Is IQueryable poisoning your interfaces?

Thanks indirectly to a comment on my previous post, today I read ‘IQueryable is tight coupling’ (disclaimer: his words). I feel like it contains an interesting mixture of truth and panic, and makes a fine discussion topic.

The main interesting truth he mentions is: nobody implements IQueryable fully!

Yes! If you’ve used an ORM, you’ve probably seen it happen many times. You’ve also maybe not seen it happen lately, because you’ve either trained yourself to think in terms of the feature set you know will work, or trained yourself to think in terms of the SQL that will be generated and then work backwards from there. Or just given up on ORMs completely because you think the abstraction is too leaky.

OK now that the truth is mostly done, let the panicking begin!

Panic attack! “Using IQueryable in your interfaces violates the liskov substitutability principle”

Does this seem accurate? What does the principle state?

’If an type A is a subtype of B then objects of type A may be used in stead of objects of type B’ is the headline summary. [Sideline philosophical question: if type B is an interface, do objects of type B even exist?] [Note: what interface is violating the principle here? He’s not saying IQueryable itself violates the interface (how can an interface violate itself?). He’s saying if you use IQueryable in your interface, you’re going to be violating the principle by accident.]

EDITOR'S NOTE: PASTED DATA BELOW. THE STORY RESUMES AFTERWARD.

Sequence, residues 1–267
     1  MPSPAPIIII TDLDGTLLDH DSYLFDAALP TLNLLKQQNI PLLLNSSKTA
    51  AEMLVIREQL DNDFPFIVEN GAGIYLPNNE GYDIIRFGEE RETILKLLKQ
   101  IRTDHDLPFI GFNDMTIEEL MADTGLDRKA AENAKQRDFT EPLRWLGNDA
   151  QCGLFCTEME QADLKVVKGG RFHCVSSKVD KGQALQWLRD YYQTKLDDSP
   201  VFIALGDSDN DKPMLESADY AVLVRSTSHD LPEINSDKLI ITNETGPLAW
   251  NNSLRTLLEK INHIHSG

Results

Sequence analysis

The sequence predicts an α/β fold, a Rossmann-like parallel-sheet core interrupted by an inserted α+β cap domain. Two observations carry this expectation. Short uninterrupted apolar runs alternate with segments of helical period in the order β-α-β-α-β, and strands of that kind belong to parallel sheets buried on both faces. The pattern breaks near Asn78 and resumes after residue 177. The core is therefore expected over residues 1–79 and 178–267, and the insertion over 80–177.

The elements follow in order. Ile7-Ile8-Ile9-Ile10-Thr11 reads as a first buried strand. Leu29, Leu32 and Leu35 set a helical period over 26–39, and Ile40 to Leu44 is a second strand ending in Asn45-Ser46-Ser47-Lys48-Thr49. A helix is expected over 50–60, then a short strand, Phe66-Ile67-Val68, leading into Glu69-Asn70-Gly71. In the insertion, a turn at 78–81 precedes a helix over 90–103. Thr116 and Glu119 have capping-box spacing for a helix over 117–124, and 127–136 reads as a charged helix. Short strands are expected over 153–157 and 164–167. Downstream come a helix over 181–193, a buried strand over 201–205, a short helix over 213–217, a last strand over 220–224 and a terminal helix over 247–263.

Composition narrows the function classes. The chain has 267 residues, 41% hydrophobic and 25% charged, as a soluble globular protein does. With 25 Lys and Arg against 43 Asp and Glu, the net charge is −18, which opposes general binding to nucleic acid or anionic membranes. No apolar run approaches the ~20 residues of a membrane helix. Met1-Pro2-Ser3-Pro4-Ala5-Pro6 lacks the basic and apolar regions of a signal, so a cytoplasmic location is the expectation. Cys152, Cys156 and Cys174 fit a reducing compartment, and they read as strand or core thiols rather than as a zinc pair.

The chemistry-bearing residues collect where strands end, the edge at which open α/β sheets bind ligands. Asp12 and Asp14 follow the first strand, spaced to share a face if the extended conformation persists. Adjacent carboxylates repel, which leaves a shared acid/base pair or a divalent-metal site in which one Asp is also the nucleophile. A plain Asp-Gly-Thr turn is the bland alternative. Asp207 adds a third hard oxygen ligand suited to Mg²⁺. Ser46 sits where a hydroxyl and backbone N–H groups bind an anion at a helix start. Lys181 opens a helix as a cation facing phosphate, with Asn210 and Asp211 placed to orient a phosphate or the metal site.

Suppose you’re writing a new interface, there are three ways to use IQueryable in your interface.

a) Provide IQueryable

Ploeh: You did know that query providers are evil because they don’t really allow arbitrary queries, right? LSP violated!

b) Consume IQueryable

void DoStuff (IQueryable dataSource); How can this be evil? Is it bad because you’re encouraging people to implement yet more broken query providers, and violate LSP?!

finally c) Transform IQueryable

IQueryable ModifiedDataSource(IQueryable realDataSource); Ploeh didn’t discuss this one but I feel it’s an important special case.


OK, now the panicking has started, I just want to say 'Don’t Panic! (yet)’

The value of LINQ in terms of using it in your interface is not that it makes a promise that ‘you can write any expression’. The beauty is its promise ‘you can write a variety of expressions in normal C#’’ . Or, in other words, you can write more expressive code.


I mean, you are constantly faced with a choice between writing different pieces of code on the provider side, and a corresponding choice of different pieces of code on the consumer side too.

IQueryable world

IQueryable<Package> GetPackages();
var topPackages = GetPackages().Where(p => p.Author.Name == userId)

[or perhaps
IQueryable<Package> GetPackagesByAuthor();
var topPackages = GetPackagesByAuthor().Take(50);]

Non-IQueryable world

IEnumerable<Package> GetPackagesByAuthor(string userId, int count top = 50);
var topPackages = GetPackagesByAuthor(userId, 50);